You’ve decided to create a blog, or maybe you already started one, but you’re not quite sure how to get people to pay attention to it. Most bloggers struggle with getting their content in front of as many eyes as possible. So, how exactly do you get people to pay attention to your blog?

Although I’ve learned a lot about blogging over the years, I’m sad to say there is no easy answer. There is no special sauce when it comes to blogging.

What works for one type of website, will never work for another. In terms of audiences, certain industries can only reach so far regardless of what they do, while there is no ceiling for others. Plus, we are all at the mercy of many uncontrollable components. The fads, tastes, attention spans, and technology in our ever-evolving culture make many of the so-called “tips and tricks” obsolete or inconsequential in the blink of an eye.

This isn’t to say that everything comes down to dumb luck, or that there’s nothing you can do to gain a bigger or more consistent following. Although dedication, hard work, and the ability to evolve are incredibly important, I’ve found that the following simple guidelines can help bring your blog to the next level, regardless of industry, scope, or focus.

  1. Write for yourself – This has been my number one guiding principal when I’ve done any type of writing project. You absolutely need to know who your audience is and listen to their feedback, but don’t forget that you are  also part of that group. You have tastes, preferences, likes, dislikes, and opinions too. So, think – are you creating something you would like to read? Would you be entertained by what you are posting? Write for yourself first and foremost. If you like what you are writing/creating, it will likely be reflected in the end result. I’ve found that audiences like when bloggers are genuine and it’s clear the writer loves what they are doing. If you like what you created, chances are many others will too. You can always edit and fine tune after, so write for yourself first.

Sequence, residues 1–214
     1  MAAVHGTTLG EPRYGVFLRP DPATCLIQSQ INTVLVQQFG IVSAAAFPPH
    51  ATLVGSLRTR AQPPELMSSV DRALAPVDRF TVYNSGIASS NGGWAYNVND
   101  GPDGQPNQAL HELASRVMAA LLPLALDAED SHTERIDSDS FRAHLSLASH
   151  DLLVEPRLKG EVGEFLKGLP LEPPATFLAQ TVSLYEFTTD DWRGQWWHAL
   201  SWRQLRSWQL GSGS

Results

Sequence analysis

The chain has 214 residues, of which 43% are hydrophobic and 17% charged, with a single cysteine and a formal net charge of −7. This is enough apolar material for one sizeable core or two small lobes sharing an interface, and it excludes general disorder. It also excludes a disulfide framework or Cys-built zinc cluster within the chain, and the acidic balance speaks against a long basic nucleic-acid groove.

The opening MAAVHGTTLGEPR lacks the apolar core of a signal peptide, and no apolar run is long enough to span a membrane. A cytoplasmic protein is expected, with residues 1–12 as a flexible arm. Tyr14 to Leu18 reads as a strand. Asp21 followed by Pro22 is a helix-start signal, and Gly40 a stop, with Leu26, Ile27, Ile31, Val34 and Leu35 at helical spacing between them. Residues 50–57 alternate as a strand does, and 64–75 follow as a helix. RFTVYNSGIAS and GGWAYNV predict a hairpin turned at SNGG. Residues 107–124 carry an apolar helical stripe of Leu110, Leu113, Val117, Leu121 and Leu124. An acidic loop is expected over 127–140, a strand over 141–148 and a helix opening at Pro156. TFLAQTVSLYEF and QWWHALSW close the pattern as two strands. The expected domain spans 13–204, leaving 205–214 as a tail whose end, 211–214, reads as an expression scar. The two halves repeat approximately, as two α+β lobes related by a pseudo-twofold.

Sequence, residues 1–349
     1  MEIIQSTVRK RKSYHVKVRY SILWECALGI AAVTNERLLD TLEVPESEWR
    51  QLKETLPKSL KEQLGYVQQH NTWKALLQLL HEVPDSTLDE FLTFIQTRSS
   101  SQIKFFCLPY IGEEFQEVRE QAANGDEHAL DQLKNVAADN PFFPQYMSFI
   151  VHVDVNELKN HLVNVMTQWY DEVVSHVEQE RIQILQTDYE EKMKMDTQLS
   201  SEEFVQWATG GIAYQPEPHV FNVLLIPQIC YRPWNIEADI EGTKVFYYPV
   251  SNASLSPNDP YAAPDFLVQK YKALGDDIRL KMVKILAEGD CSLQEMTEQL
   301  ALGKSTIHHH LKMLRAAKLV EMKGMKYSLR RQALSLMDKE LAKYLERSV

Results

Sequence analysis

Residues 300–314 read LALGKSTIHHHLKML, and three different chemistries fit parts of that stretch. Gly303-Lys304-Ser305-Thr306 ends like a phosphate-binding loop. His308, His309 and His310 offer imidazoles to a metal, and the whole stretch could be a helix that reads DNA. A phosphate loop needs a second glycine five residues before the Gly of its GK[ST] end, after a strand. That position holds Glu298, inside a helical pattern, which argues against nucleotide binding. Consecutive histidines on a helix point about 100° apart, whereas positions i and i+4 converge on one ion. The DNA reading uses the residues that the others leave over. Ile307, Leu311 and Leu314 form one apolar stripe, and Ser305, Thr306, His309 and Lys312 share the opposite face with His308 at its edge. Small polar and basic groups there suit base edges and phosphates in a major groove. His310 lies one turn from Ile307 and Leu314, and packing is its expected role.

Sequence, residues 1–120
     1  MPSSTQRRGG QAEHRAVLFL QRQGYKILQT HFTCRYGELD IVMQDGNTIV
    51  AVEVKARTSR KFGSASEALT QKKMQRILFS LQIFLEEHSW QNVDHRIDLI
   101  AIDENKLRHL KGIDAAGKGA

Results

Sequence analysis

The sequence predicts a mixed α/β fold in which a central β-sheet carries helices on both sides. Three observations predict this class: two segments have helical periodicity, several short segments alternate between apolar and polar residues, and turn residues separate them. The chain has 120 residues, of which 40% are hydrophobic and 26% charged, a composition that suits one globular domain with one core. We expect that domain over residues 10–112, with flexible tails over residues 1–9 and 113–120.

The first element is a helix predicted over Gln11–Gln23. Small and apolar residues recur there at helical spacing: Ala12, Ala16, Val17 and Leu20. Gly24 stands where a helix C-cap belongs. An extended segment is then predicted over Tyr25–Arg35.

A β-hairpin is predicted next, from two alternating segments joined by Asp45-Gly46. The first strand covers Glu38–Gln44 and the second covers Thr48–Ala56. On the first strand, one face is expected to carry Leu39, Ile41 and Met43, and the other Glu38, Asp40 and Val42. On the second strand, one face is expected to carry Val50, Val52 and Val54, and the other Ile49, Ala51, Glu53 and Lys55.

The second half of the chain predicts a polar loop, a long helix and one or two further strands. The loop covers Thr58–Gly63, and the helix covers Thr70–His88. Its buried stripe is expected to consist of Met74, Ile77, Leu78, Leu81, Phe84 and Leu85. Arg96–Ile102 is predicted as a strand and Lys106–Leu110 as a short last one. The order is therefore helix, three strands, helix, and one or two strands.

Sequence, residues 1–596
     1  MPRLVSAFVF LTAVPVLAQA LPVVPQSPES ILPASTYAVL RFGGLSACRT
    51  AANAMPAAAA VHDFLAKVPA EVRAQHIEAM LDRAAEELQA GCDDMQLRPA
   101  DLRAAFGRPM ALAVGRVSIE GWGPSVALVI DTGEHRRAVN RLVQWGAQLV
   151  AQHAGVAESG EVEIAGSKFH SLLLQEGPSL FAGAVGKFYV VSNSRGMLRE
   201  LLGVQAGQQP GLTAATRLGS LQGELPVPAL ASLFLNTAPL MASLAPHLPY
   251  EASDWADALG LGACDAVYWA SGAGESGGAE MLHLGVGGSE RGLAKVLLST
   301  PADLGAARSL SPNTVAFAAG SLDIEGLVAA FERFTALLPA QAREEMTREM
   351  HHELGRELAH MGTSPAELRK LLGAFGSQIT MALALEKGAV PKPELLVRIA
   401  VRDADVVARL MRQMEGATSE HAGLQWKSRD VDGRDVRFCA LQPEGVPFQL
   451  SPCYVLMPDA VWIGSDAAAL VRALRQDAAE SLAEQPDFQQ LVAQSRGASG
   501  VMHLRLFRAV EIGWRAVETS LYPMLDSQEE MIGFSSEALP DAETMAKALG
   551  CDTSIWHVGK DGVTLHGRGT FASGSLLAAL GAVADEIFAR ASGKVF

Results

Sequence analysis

2. Interact with your audience – You need to be more than a brand. Social media and the internet are meant to be social. People like when their comments or questions elicit a response. It shows you value them. It can add another level of entertainment for the viewer and usually results in repeat visits. Interacting can add a human element to your avatar or logo and people will be more likely to support you. You’d be surprised how a simple “Thanks for commenting” can earn you a fan for life. Interacting with also helps you better understand your audience, which can be invaluable as you move forward.
  3. Be consistent – Audiences dislike blogs and brands that disappear for long periods of time or stray from what they believe their content should be. There are so many other blogs and different types of entertainment out there and your followers can quickly forget about you or move on. However, if you keep putting out content, you’ll stay in their rotation. It’s up to you to decide how often you should post. Some blogs are not suited for constant updates, so don’t think you have to post every single day. Decide what’s appropriate for your brand and stick to it.
    Consistency also relates to what you are posting. If you have a food blog, your followers probably don’t want to read your political opinions. If you run a blog about your corporation and the goings-on within your industry, your audience likely isn’t foaming at the mouth to know about your last Tinder date. It’s ok to try new things, but it’s likely not a good move to stray too far from what your audience likes. 
  4. Content is still, and always will be, king – Flashy websites with beautiful photos and cool features are obviously awesome, but if they are not bringing anything of value to the audience, they won’t be coming back. Believe it or not, it’s perfectly fine to start out with a humble-looking blog. Make it easy to understand, simple to navigate, and full of useful or entertaining content. There is always time to upgrade your site’s capabilities and improve its aesthetics, but if the content isn’t worthwhile, people won’t be returning regardless of how pretty your blog looks.

There is certainly a lot of good advice out there, but I’ve found that the guidelines mentioned above are valuable regardless of what stage your blog is at. From there, each brand will require much more specific advice, but I believe these will get you started on the right foot and will help you to remain relevant as your journey continues.

Written by Christian Senger.

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